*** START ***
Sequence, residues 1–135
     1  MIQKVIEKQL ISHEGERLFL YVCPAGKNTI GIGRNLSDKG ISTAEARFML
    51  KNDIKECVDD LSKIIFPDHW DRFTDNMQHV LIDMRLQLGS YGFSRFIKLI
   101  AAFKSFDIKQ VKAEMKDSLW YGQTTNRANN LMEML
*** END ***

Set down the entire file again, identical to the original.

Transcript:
Sequence, residues 1–135
     1  MIQKVIEKQL ISHEGERLFL YVCPAGKNTI GIGRNLSDKG ISTAEARFML
    51  KNDIKECVDD LSKIIFPDHW DRFTDNMQHV LIDMRLQLGS YGFSRFIKLI
   101  AAFKSFDIKQ VKAEMKDSLW YGQTTNRANN LMEML